More milk tea shops open in Vietnam

More and more milk tea shops have opened recently, even though the selling price is relatively high for the majority of Vietnamese.

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Trung, 50, who has been working as a taxi motorbike driver for three years, earning VND200,000-300,000 a day, recently began earning extra money – delivering milk tea.

“After lunchtime, a group of office workers often asks me to buy milk tea for them. The shop is on Ngo Duc Ke street, about one kilometer away,” he said, adding that he receives VND20,000 for the delivery service. He receive 4-5 orders every day.

“Young women, especially office workers, like milk tea very much,” he said.

Milk tea first appeared in Vietnam in the early 2000s. However, there were only small privately run shops which prepared milk tea at low prices. 

The milk tea movement returned in the last four years with the presence of many international brands such as Dingtea, Chago, Gongcha, Igongcha, Royal Tea and Tea Story.

Besides the franchise shops, a Vietnamese owned company – Golden Gate – which is running 20 restaurants, has also announced its Yu Tang brand. KFC has also launched its own milk tea brand.

Lozi, the developer of a food app, found from a survey that there are 1,500 milk tea shops across the country, and more will join the market in the time to come.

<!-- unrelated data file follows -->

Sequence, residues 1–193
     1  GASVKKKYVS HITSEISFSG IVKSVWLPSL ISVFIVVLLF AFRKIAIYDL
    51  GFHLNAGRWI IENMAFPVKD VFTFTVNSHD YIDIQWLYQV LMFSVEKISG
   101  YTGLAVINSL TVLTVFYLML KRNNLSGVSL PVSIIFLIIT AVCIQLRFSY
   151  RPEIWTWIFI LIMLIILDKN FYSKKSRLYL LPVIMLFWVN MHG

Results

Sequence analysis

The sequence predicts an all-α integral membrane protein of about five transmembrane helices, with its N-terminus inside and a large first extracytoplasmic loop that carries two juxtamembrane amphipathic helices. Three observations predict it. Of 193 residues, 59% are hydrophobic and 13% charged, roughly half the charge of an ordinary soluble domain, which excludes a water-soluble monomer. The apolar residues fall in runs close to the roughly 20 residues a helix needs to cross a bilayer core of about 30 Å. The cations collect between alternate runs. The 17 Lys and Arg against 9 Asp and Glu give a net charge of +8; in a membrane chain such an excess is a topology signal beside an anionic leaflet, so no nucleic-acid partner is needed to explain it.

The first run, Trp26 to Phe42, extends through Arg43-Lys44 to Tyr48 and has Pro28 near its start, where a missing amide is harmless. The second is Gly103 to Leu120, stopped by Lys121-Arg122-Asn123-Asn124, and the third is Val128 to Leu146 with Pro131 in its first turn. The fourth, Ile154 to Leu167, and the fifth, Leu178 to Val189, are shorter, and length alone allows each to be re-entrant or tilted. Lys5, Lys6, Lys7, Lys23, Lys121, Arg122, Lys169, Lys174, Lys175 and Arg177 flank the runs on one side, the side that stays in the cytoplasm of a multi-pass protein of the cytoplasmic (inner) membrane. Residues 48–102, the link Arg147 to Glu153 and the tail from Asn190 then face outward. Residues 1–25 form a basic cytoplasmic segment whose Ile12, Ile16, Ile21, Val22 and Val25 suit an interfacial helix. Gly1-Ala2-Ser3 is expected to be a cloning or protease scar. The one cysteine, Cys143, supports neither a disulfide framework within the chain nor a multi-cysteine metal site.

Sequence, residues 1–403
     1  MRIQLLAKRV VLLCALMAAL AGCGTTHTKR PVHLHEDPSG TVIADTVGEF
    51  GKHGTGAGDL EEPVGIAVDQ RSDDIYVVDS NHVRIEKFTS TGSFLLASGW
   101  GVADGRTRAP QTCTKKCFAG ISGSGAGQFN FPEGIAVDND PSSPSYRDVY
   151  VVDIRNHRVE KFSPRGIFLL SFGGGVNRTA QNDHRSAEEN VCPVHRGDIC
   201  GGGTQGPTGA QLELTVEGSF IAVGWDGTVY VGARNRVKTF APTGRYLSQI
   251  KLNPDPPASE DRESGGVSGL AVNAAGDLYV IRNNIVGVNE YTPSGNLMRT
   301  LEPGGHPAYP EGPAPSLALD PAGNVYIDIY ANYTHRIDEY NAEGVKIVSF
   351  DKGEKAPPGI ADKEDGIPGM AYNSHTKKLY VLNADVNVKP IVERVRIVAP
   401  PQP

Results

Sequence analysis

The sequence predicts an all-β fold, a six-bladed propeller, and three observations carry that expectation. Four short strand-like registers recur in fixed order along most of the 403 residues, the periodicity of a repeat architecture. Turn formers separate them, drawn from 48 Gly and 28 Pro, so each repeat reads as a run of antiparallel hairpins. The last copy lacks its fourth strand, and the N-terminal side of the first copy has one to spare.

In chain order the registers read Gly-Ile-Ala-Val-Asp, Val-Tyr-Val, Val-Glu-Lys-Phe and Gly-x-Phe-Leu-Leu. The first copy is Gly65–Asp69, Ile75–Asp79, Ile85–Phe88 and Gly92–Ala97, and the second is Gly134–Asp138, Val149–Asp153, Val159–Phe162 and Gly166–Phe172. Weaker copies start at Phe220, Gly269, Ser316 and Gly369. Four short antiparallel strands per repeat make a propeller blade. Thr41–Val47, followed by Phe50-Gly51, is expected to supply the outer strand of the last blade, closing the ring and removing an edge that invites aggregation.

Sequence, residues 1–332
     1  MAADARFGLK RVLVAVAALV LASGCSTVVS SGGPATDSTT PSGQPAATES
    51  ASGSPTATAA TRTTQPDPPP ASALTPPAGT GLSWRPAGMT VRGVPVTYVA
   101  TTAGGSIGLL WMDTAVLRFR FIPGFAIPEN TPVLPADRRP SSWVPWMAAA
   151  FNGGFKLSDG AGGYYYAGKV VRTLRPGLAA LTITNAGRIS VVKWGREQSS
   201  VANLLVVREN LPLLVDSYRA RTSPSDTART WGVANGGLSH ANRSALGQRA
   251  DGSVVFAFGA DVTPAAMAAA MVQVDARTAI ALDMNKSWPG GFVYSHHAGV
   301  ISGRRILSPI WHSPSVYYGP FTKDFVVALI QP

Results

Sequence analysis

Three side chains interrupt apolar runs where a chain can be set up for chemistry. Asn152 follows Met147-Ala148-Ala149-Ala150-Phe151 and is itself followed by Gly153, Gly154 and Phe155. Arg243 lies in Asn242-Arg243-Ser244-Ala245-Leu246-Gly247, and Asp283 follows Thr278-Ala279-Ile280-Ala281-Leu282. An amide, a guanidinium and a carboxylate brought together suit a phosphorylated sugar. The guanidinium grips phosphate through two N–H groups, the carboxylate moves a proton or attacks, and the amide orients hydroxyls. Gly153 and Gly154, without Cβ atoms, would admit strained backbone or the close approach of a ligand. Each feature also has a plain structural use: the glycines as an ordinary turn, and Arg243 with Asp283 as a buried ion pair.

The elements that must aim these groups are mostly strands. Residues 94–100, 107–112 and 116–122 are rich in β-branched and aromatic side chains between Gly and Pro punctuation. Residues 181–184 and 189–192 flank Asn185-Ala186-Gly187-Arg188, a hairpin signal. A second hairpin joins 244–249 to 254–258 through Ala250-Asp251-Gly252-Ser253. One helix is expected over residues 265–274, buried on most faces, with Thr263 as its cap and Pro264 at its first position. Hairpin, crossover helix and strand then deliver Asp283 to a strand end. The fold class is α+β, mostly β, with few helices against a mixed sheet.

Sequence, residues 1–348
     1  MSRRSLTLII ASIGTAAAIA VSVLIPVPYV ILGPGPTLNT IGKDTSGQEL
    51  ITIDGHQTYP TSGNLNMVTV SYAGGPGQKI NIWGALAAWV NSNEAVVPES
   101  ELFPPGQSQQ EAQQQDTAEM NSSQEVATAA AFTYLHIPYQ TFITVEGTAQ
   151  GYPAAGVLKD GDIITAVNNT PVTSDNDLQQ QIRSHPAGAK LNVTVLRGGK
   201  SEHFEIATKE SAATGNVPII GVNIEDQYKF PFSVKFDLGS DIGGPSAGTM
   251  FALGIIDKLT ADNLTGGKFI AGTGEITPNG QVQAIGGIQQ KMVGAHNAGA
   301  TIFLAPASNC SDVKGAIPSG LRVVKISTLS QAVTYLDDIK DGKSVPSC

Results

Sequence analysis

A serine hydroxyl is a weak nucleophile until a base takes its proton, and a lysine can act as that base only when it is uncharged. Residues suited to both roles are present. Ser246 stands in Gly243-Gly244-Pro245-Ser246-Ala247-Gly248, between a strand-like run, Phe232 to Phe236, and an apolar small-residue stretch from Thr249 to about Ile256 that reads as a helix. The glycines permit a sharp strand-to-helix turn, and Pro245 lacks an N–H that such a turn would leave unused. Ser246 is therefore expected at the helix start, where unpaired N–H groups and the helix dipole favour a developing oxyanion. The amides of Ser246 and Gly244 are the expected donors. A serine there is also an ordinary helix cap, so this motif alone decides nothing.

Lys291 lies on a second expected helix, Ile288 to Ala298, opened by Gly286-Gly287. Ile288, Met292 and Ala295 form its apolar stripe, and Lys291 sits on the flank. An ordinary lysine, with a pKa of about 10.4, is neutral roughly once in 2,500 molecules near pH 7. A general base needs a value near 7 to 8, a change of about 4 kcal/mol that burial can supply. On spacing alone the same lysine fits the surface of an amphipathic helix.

Fifty three percent of surveyed people said they drank milk tea at least one time a week. From early 2017 to the end of June, eight milk tea shops opened in Hanoi every month.

Some ‘milk tea streets’ appeared in Hanoi and HCMC. The business of the shops is so good that the retail premises rent in the areas has been escalating. A report showed that the real estate prices in some milk tea areas increased by 25-71% compared with the same period last year.

The land on Ngo Duc Ke street in the central area of HCMC, one of ‘milk tea streets’, is now priced at VND762.4 million per square meter. The other milk tea streets are Phan Xich Long in Phu Nhuan district and Su Van Hanh in district 10.

A representative of Gong Cha in Vietnam said in the past, milk tea was the drink for youth and students, but now, office workers and middle-aged people also order it.

A survey conducted by Q&Me, a market survey firm, showed that people aged 30-39 have the highest level of recognition of milk tea brands.


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